9. Cool the broth and store it in the fridge. It's important that you cool broth in a reasonable amount of time, to keep it food safe. Either divide the broth into individual jars, or containers to cool faster on the counter, or cool the whole amount of broth in a sink of ice water. Take care that the container the broth is in can take temperature change without breaking. For instance, a glass bowl or a slow cooker insert can break or shatter when exposed to extreme temperature change. A stainless steel pan is a better option. Additionally, a container of hot broth placed in the fridge will drop the temperature of the fridge, putting all the food, as well as the broth, at risk as far as food safety goes.

10. When chilled, the fat will rise to the top and solidify on top of the broth. Congratulations, you have essentially rendered poultry fat. Scrape off this fat and reserve it in the fridge or freezer. This is a good healthy fat, that can be used in other food preparations. This free healthy fat is another way that making broth can lower your grocery bill.


If desired, you can season your chicken with 3 tablespoons of RealTaste Nurture seasoning, or seasoning of your choice. I generally keep my chicken and broth unsalted and unseasoned, so I have the flexibility to flavor it as I like in different dishes; however, chicken and broth seasoned with Nurture seasoning is definitely a favorite.

For a single serving mug of broth, season warm unsalted broth with 1 tsp. RealTaste Seasoning per cup of broth, or the seasoning of your choice. Let it steep for several minutes and strain the broth through a fine mesh strainer to remove the herbs and seasoning solids, or go ahead and drink it without straining, if you don't mind the texture. Enjoy in place of coffee or tea. Broth is especially helpful to drink before a meal as a digestive aid, especially a meal that contains meat. It's also beneficial to drink before bedtime, if you're having problems with the quality of your sleep. Microwaving broth is not recommended, but a single serving of broth heats up in a extra small pot in just a minute or so.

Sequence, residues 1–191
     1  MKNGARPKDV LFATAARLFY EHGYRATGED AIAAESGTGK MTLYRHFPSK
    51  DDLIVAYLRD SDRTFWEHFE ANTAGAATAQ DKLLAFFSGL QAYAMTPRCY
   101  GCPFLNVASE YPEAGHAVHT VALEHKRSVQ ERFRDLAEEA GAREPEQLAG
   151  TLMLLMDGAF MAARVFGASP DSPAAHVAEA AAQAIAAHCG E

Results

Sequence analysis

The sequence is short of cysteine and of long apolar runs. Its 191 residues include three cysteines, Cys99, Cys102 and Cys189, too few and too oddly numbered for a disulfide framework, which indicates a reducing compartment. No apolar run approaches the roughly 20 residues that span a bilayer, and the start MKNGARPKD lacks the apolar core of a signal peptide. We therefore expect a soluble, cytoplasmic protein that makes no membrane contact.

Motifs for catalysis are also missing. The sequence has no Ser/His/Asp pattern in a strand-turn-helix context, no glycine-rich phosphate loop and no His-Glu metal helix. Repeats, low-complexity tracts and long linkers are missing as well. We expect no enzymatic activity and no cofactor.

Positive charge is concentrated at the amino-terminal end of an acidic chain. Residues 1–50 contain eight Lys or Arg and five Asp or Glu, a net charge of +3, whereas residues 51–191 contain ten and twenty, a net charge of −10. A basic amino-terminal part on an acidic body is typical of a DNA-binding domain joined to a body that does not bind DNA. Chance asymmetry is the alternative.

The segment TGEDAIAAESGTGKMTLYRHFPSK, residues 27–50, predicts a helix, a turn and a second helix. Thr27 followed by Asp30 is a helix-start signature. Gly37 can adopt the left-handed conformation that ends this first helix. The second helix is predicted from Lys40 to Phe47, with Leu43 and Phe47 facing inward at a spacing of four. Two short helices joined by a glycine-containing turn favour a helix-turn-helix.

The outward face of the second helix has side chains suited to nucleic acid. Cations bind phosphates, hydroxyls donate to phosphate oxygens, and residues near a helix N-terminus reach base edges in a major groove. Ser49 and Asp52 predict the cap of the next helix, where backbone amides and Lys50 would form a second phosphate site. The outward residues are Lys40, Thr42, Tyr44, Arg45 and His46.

The amount of vinegar, per quart of water is according to my taste preference. Feel free to adjust to the acidity level you prefer. There is no right, or wrong here. You can also leave it out if you like, but I think it adds a nice balance of flavor to the meat broth.

I don't use carrots or celery when making broth; it's just not necessary. I'd rather save my carrots and celery to chop up and actually eat in a soup, stew or other dishes. I do; however, save the peelings off my carrots, celery end and leaves for vegetable scrap broth.

There are bone broth products on the market, with varying degrees of quality, but when you're trying to eat healthy in an affordable way, this will kill your budget! It also hurts my soul to see packaged items. I can't help but imagine the landfills and damage the waste and production of such containers has on our planet and in return on our own health. A healthy planet = a healthy you. Moreover, I think home produced foods trump anything you can buy at the store both in quality and flavor.

If you're going to the trouble to make chicken and broth, you might as well make the best quality you can. I highly recommend using the best quality, organic chicken that you can find. Why make a herbicide, pesticide, anti-biotic and hormone laden bird? And yes, even though your poultry is not a plant, it will still be contaminated with herbicides, pesticides and other chemicals. Pastured, organic birds are always your best bet.